The Funicular Coffee House at the site of the former seafront shelter and toilets at Viking Bay is open for business.
Thanet council sold the freehold for the site, which comprises an area of open land together with the disused lift shaft and toilets at split level, as part of its asset disposal programme last October.
It was bought at auction by Justin van Oortmerssen for a whopping £350,000.
Planning permission to create the café was granted in May.
The boutique coffee house, which also serves Kent wines from Chapel Down and beers, started trading on Friday (June 15).
Mr Ootmerssen says the business has been named: “ (in) tribute to the Broadstairs funicular, the steepest funicular in the UK and one of only three left in the country of its kind.”
Owners Justin and Annita have been praised for the sensitive restoration work by the Broadstairs Cliff Railway group.
The Broadstairs funicular lift
The cliff railway at Viking Bay was built in 1910 by Messrs R Waygood and Co. They also built the Leas railway and others in Folkestone, the Clifton Baths railway in Margate, 3 vertical cliff lifts in Ramsgate and the lift at the Walpole Bay Hotel.
The bespoke designed installation at Broadstairs is a rare surviving example of a fully enclosed electric funicular lift system that counterbalanced a concrete weight travelling in a separate brick lined shaft, parallel to the track.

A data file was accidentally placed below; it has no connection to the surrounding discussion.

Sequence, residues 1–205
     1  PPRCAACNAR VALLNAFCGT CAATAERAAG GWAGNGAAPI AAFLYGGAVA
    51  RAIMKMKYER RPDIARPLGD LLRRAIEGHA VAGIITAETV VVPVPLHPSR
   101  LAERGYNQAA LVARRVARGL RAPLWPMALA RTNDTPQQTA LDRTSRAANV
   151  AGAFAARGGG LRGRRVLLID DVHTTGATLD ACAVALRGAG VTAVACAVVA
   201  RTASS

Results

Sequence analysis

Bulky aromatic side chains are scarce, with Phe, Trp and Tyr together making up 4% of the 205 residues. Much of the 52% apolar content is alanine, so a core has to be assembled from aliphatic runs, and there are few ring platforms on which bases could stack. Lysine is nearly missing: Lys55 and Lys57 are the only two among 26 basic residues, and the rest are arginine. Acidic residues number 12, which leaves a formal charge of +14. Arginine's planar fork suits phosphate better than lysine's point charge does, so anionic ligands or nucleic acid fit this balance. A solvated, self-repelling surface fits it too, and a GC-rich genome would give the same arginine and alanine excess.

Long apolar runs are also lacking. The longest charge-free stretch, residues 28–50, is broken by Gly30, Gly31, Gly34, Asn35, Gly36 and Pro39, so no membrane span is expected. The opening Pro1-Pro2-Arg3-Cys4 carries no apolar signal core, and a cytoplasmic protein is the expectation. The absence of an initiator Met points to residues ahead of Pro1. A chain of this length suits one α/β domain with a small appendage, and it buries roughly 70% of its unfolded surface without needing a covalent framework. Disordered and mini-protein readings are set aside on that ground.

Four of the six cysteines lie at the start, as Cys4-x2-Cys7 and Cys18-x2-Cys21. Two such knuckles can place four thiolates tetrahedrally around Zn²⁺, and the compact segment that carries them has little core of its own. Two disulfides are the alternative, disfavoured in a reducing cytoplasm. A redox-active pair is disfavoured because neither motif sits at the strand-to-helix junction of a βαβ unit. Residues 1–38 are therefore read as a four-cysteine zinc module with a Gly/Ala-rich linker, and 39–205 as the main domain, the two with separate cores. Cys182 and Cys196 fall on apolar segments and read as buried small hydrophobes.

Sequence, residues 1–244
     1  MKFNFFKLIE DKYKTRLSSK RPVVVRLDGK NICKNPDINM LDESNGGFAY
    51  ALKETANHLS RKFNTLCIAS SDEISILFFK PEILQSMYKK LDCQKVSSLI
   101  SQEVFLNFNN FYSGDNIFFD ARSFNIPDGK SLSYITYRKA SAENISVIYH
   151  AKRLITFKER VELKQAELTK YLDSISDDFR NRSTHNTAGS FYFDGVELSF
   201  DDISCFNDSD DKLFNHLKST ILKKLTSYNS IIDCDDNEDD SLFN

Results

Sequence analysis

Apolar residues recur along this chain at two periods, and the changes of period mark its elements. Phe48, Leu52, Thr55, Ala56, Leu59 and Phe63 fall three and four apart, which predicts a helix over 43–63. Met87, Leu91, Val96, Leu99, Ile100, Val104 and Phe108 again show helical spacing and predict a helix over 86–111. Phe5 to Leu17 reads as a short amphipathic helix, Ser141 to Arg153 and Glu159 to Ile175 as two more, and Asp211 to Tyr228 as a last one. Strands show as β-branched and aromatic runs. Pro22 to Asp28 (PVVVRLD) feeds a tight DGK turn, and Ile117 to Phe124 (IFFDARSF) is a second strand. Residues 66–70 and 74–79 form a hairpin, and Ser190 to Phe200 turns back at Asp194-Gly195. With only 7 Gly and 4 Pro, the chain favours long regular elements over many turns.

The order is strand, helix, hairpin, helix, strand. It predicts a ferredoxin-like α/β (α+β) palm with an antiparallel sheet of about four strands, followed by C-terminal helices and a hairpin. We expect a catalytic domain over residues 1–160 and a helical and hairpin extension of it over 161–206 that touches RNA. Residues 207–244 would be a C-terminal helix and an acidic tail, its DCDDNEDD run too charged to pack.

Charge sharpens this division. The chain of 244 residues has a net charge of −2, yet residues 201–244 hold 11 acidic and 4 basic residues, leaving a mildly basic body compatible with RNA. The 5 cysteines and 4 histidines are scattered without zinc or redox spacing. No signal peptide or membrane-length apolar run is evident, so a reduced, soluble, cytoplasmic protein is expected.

The single enclosed car could carry 12 people and ran along a 1600mm gauge/37 metre track at a steep 45 degrees. The funicular was the second steepest and shortest cliff railway in Britain, the first being the exposed system installed at the Clifton Baths in Margate (later developed into the Cliftonville Lido). It is also one of only three cliff railways in Britain that were constructed within a tunnel, of which it is one of two surviving.
The steepest operational funicular in Britain is the East Hill Cliff Railway in Hastings.
The lift service was initially operated by R Waygood and Co through a subsidiary company Cliff Lifts Limited. Their lifts at Margate and Ramsgate were also operated by the company for a short period before all became the responsibility of local councils or private owners.
From the 1960s numerous teddy bears and Disney characters were placed inside the main shaft of the Broadstairs funicular, which could be seen from the gated ends of the lift carriage while in transit.
The lift service was eventually under threat of closure in the 1970s due to the financial cost of maintenance and operation which the council were unable to continue subsidising.
Recognising the public demand and benefits for local businesses, the Broadstairs Hotel Association were able to secure ownership of the funicular lift from the authority and continued to operate the service with the original ageing system annually needing considerable service.
The last operator by 1991 before the lift would close for good was Ken Kneeshaw who fought hard to keep the lift operational until he no longer had the resources.
Recognising the historic value of the system within their company history, Waygood’s successor – the Otis Elevator Company, completed a full restoration of the electrical equipment and mechanical plant below the promenade housing, at their own cost in 1991.
But disaster struck not long after when a storm led to the destruction of the original roof upon the promenade housing, allowing water into the electrical equipment below.
Damaged beyond repair, the Otis project was rendered as a loss for both Broadstairs and the company. Further funding to restore the original carriage and track was unavailable.